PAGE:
Screen shot of the Class 40 fleet tracking as they close in on the finish of the Transat Jacque Vabre.

The Transat Jacque Vabre, a double-handed race from Le Harve, France to Itajai in Brazil, over a course of some 5500 miles is close to being complete. FOURTY boats were entered including: 20 IMOCA 60’s and in what must be a record rate of attrition, 11 abandoned the race, 4 fifty foot multihulls plus two of the Maxi tris., and 14 Class 40’s. The tail-enders of whom are still 1800 miles out.

Metaphorically speaking there has been a crossing the “T” of the TJV (a north-south race) by the Mini Transat, sailing east to west. The Mini Class chose to stay in the Northern Hemisphere for this year’s event and so the Mini 650’s are flooding into Guadeloupe having sailed across the mid-latitudes from the Canaries starting 18 days ago.

The remains of the Mini Transat fleet heading for the finish at Guadeloupe, ideally in time for the party….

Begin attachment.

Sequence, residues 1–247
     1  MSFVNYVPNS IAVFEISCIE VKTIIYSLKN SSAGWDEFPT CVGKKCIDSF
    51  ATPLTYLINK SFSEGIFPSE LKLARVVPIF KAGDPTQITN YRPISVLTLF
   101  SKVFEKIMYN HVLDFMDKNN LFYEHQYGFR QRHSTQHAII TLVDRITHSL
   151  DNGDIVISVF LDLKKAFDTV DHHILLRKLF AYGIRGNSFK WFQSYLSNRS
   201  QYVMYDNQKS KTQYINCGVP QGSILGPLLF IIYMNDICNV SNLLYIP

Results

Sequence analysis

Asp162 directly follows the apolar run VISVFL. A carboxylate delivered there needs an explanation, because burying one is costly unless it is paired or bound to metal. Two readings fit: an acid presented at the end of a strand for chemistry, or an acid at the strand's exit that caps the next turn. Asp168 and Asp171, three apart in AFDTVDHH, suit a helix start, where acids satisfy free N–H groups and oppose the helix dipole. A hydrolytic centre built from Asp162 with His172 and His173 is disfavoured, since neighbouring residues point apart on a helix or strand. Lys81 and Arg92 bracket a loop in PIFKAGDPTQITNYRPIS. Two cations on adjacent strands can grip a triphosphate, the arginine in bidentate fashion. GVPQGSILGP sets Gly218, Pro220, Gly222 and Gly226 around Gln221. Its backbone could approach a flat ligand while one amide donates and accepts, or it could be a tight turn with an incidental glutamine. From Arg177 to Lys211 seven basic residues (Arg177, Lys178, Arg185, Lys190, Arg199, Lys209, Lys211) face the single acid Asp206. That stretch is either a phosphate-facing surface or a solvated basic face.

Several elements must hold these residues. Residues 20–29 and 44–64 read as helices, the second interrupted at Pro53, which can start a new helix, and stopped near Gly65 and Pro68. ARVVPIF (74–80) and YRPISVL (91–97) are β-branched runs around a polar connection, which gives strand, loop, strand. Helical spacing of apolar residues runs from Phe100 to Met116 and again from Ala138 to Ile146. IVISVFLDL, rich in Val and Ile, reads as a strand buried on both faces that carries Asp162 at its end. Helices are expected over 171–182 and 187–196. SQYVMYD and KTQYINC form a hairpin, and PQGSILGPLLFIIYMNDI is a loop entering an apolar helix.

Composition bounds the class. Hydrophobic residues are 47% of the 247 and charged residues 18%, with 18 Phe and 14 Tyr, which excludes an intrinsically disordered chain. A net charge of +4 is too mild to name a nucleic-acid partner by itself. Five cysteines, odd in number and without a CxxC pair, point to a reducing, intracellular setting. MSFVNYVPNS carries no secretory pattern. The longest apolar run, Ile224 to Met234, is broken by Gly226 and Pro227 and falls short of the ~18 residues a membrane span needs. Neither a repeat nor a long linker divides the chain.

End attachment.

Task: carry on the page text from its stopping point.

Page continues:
The remains of the Mini Transat fleet, largely the production “series” boats heading for the finish at Guadeloupe, ideally in time for the party….

Not to be left out of a nice mid-fall lap of the planet are two Maxi Trimarians, Spindrift 2 and IDEC Sport.

Maxi Trimarian Spindrift 2 in Newport preparing for an attempt on the West to East Trans-Atlantic record in 2014

Maxi Trimarian Spindrift 2 in Newport preparing for an attempt on the West to East Trans-Atlantic record in 2014. They were very gracious in hosting members of the Prout School Sailing Team